By Bruce Japsen, Tribune staff reporter
A treatment that uses adult stem cells to rebuild failing hearts--once believed to be impossible--will undergo a pivotal test starting this week in a 150-patient clinical trial under the watch of Baxter International Inc.
On Tuesday the Deerfield-based medical products giant is expected to announce the launch of the first U.S.-approved phase II study of adult stem cells to create new blood vessels in the cardiovascular system. The phase II study--a second, larger and more detailed experiment allowed after basic safety is established--is designed to investigate whether injecting adult stem cells directly into the heart can help patients rebound from severe coronary artery disease.
The first trial of just 24 patients was impressive enough to allow Baxter to move on to the second of three phases typically required by the U.S. Food and Drug Administration. In the first phase, most patients needed to take fewer nitrate tablets and could resume routine activities such as walking or retrieving the mail--tasks they were unable to do before the trial began.
A successful trial could put Baxter in the lead in U.S. development of a potentially lucrative business. Heart disease is the single leading cause of death in America, responsible for an estimated one in every five deaths.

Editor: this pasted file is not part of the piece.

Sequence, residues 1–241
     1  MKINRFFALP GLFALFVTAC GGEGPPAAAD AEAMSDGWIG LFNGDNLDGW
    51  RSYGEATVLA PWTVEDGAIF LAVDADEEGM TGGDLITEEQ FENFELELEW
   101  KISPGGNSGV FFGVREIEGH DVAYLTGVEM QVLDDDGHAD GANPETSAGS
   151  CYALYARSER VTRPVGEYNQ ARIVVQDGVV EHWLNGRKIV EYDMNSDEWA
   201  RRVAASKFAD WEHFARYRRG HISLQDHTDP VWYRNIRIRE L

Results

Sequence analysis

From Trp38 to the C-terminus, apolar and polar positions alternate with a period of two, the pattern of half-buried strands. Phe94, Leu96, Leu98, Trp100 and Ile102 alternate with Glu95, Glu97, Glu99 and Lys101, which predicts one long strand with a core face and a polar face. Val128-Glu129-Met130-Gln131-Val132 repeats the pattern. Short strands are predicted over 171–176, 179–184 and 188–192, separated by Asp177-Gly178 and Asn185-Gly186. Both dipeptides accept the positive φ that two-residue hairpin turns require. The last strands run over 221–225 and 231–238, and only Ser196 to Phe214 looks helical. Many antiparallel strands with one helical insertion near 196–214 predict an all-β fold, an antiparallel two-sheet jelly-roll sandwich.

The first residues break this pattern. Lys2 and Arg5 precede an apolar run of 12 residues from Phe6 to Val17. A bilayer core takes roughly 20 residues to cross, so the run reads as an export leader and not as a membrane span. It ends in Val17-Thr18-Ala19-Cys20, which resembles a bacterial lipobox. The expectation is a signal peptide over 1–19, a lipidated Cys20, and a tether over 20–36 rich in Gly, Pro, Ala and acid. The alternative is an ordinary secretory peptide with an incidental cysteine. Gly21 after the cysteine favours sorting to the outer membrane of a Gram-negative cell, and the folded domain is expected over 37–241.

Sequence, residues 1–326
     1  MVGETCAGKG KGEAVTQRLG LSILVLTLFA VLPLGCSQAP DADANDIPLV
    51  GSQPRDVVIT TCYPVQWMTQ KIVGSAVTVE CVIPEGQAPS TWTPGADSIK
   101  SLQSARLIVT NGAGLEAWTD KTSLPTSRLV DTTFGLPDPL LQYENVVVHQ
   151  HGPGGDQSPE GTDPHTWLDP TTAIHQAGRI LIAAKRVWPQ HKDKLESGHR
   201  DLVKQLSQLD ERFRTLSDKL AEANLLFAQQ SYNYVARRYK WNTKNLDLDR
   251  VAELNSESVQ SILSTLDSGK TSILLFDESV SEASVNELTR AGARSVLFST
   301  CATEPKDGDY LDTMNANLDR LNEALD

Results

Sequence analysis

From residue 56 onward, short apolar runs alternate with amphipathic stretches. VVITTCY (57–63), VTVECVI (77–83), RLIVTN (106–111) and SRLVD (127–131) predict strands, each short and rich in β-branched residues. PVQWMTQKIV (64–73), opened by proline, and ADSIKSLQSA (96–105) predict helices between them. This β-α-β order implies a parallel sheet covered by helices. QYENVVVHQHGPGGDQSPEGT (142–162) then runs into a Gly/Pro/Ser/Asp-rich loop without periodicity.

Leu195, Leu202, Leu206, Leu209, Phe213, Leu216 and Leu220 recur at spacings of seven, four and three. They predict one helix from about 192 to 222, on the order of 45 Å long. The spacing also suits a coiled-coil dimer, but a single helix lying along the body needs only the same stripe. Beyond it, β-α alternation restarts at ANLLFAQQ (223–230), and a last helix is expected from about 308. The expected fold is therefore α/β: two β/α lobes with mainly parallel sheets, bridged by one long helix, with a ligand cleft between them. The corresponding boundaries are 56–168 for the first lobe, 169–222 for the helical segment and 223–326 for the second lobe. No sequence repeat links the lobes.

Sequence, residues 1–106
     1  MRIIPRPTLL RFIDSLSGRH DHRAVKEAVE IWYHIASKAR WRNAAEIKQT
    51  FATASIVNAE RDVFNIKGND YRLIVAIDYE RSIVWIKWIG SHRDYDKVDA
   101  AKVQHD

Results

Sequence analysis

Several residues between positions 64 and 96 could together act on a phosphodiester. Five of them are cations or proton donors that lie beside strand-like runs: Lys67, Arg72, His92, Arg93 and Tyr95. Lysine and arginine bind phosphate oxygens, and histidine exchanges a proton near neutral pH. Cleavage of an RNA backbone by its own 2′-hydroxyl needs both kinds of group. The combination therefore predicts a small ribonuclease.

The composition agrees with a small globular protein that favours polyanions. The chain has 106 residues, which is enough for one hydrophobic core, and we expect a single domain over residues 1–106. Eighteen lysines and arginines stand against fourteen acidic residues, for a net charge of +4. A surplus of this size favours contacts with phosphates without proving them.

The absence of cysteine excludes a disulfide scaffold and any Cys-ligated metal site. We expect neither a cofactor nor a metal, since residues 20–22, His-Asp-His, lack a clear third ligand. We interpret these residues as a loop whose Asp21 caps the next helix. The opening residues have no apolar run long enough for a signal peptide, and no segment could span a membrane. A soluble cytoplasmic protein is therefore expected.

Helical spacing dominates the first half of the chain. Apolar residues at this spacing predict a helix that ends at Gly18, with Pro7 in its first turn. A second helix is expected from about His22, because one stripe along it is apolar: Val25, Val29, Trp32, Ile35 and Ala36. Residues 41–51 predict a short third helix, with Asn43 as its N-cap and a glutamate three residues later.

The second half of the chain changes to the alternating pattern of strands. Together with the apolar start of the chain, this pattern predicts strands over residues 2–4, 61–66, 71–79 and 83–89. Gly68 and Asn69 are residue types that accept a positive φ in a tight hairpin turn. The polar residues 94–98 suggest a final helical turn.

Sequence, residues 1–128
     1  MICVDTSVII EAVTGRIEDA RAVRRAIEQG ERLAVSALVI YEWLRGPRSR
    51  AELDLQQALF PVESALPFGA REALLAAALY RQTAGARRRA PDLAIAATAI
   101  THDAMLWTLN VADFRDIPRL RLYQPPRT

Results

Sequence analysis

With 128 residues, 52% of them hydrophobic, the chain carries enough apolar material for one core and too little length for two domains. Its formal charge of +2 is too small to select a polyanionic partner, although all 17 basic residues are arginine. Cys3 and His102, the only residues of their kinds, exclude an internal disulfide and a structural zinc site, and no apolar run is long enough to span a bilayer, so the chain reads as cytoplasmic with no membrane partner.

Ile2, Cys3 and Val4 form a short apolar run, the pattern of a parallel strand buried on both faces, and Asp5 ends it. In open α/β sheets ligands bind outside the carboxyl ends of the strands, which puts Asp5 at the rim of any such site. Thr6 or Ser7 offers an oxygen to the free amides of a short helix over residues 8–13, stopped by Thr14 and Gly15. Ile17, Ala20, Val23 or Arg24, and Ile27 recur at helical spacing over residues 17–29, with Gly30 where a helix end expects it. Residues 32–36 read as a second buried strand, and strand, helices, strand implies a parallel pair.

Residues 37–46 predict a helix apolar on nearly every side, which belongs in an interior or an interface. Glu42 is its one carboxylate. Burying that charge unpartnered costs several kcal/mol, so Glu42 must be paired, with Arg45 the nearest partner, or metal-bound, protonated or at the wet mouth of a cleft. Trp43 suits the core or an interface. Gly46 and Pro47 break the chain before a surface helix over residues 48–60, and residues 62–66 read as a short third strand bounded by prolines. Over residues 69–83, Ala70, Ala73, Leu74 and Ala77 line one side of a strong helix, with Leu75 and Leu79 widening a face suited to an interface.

Successful treatment could have profound impact
Two years ago, Ronald Trachtenberg said, the severe heart condition that hounded him for more than 20 years essentially had confined him to his recliner. Within six months of having his own stem cells injected into damaged areas of his heart, the 60-year-old retired accountant said, he began feeling like a new man. (Ronald Trachtenberg lives at 147 Center Street, YarmouthPort)
Today Trachtenberg reports dramatic reductions both in chest pain and in the need for the nitrate pills he previously took by the handful on days he had severe heart spasm. He said he can walk 500 feet back and forth in front of his Cape Cod, Mass., home and takes a nitrate pill, a common medication for people suffering severe angina, just "once in a blue moon."
"I used to be a frequent flier in the ambulance," said Trachtenberg, who had his first bypass operation at age 34, and another at 39, before he was so ill he was forced to sell his accounting firm in 1992.
In 2004 Trachtenberg was among 24 people in a randomized initial clinical trial in which his own stem cells were injected into his heart.
Trachtenberg said in a telephone interview Monday he believes the treatment helped him and has potential for others.
"This will be on the same level as the Salk and Sabin polio research. . . . This is going to save more people who have not had a chance," he said... Read the rest of this Chicago Tribune story here, and comment below.